After demonetization the industry is waiting for the budget 2017-18. This budget is going to be distinct in many aspects. It will be for the first time that Railway Budget will be combined with the General Union Budget. And for the first time, the Union Budget will be announced 1 month in advance on the 1st February, 2017.
The Indian economy was growing at a healthy pace of 7.6%, when the demonetization drive suddenly slowed down the pace of the economy. Liquidity issues are impacting businesses, especially FMCG Sector, Automobiles, Textile Sector and Real Estate where the cash transactions were dominant.
Let us look at the impact of this move on the pre budget expectations for textile industry in India.
Current Status of the sector
In the light of recent events occurring as a consequence of demonetization, consumer expenses have resulted in a slowdown in domestic demand for apparel and other end-products of textile industry. Textile industry being one of the most labor intensive industry have been facing the heat of this move. The textile industry employs about 40 million workers and 60 million indirectly. India’s overall textile exports during FY 2015-16 stood at US$ 40 billion.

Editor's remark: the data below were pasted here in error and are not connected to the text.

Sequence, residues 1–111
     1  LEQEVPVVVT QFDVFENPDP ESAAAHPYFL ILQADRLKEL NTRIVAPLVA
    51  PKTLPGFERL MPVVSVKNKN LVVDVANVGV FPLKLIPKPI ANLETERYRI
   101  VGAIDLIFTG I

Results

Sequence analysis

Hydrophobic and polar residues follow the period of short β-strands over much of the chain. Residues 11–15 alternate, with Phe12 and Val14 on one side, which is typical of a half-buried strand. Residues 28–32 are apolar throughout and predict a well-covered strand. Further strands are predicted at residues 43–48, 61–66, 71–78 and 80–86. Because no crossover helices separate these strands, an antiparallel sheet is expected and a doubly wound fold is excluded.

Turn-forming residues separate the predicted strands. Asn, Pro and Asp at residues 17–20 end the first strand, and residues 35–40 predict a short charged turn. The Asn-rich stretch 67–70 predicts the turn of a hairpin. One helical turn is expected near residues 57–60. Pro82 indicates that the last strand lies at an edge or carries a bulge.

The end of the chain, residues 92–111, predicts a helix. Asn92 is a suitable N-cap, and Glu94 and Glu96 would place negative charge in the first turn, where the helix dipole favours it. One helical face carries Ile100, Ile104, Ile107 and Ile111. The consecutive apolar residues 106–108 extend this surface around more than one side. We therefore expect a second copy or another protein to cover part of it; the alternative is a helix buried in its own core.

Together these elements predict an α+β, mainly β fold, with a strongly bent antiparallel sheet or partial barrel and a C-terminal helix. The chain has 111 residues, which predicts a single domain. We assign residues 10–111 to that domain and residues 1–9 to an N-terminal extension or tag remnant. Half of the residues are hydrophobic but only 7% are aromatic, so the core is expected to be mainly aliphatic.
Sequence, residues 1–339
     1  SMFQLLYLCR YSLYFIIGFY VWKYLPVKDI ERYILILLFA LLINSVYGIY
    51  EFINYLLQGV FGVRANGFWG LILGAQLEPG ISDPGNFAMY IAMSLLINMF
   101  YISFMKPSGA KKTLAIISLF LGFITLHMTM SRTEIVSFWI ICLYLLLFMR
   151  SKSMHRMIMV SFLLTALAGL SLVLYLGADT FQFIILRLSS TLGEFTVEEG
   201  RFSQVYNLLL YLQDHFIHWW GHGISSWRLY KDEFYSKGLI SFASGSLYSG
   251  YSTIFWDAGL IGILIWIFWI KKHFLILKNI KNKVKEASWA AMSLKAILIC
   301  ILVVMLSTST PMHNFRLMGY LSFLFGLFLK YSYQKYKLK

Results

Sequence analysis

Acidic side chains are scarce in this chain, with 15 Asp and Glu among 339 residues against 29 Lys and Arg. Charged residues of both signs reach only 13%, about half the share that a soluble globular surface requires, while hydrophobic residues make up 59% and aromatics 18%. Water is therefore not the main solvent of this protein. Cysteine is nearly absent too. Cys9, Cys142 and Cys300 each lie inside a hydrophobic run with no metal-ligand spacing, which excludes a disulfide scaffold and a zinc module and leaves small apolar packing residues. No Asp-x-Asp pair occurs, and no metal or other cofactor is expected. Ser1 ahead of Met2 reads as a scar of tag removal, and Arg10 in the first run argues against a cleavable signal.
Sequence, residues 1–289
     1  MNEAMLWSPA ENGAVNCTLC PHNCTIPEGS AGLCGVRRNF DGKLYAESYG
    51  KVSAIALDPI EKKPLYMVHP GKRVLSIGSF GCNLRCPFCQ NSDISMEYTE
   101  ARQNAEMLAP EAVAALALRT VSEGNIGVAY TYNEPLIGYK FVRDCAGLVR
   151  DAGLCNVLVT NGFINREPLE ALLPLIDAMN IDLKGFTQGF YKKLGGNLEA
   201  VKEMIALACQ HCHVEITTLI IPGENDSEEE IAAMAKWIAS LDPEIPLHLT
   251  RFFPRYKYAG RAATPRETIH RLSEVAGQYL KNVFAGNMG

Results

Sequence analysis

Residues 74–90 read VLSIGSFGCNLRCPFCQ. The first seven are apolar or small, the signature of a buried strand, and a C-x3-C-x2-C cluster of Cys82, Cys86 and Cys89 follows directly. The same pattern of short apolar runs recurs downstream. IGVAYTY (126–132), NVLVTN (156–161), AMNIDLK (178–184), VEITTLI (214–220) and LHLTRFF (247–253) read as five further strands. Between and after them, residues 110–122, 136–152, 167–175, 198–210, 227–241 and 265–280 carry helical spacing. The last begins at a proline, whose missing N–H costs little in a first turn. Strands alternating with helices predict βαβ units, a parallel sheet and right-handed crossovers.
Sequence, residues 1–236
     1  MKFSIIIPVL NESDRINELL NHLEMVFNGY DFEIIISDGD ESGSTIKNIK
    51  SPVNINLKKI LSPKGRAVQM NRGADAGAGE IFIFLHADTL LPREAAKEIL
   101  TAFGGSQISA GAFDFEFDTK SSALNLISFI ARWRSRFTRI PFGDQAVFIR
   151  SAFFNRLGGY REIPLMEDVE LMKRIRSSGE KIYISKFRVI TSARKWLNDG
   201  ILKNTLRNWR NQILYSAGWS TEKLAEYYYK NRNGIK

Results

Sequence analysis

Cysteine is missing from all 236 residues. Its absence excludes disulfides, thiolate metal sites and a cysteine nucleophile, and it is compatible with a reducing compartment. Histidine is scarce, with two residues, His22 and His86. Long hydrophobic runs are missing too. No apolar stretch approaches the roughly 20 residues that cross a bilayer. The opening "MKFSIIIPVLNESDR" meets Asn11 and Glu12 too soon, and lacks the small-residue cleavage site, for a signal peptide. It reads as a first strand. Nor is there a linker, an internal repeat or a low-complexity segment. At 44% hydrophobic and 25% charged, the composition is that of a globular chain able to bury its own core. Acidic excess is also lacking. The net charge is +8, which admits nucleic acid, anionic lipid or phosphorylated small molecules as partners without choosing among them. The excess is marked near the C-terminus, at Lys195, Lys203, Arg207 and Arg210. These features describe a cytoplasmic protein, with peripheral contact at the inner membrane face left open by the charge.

Challenges and Opportunities
The RBI verdict of scrapping INR500 and INR1000 currency notes has received mixed responses from textile sector. The organized textile sector has welcomed the decision as it would streamline the transaction system and would result in transparent business transaction with overseas traders. The decision would increase the usage of electronic clearing system for making payments and would reduce the black transactions significantly. This move has reciprocated in the form of excess inventory accumulation.
On contrary, this decision is setback for unorganized textile sector of the country that is dependent on domestic market for revenue generation. Restriction of withdrawals from bank did impact the weekly payment to contractual workers in textile sector. Additionally, constraints on cash withdrawals negatively influenced the procurement of new cotton, yarns and fabric in India.
What will budget offer?